THIS attractively printed manual, notwithstanding its title, is not a general book on ectoparasites, but a guide to the study of certain economically important groups. Its author, Dr. H. E. Ewing, is a well-known member of the United States Bureau of Entomology, and in preparing this book he has been able to draw upon the extremely complete collections of the creatures he deals with that are contained in the National Museum at Washington. The first five chapters are devoted respectively to mites, ticks, biting lice, sucking lice, and fleas. Each of these sections contains keys to the families and genera, together with some considerations of the external anatomy, economy, and control measures, while representative species are shown in the illustrations. At the end of each chapter is a list of the more important literature on the subject concerned: the references are well chosen, and by no means confined to American writers. The sixth and final chapter takes the form of an appendix containing descriptions of a number of new genera of ectoparasites. The wisdom of this procedure is disputable, but, it may be added, the new genera described are included in the keys given in the foregoing sections.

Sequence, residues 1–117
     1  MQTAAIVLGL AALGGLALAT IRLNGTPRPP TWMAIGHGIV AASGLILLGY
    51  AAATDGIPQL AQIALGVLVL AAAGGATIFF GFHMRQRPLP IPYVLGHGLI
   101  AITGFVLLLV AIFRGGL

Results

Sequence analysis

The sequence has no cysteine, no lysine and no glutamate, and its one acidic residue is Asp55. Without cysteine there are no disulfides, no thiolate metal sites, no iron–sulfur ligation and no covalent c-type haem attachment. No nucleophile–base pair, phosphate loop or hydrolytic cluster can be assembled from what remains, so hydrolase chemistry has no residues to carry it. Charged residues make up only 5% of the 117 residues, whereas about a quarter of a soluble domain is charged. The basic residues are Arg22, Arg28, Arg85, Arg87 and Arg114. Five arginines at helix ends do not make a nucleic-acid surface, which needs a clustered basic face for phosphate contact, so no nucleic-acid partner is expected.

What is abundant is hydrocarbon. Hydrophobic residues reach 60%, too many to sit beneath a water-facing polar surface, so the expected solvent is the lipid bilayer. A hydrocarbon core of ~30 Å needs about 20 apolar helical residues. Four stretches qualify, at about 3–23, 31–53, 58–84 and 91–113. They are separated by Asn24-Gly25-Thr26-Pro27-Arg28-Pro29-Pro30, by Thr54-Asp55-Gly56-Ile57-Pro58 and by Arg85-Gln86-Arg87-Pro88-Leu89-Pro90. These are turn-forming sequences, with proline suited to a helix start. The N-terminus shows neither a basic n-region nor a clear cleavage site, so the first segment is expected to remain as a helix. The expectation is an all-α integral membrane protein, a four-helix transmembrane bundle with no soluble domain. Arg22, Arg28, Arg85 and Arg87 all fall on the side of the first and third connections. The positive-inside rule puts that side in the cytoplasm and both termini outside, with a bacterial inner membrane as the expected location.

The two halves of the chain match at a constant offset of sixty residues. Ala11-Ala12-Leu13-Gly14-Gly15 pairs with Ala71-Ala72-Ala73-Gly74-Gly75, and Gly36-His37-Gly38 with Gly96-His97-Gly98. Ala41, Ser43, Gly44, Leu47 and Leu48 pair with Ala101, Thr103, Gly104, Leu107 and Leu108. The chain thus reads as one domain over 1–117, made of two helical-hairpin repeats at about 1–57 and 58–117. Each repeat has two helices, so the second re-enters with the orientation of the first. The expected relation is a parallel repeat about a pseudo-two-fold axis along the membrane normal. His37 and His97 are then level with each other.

A Manual of External Parasites.
By Dr. H. E. Ewing. Pp. xiv + 225. (London: Baillière, Tindall and Cox, 1929.) 20s. net.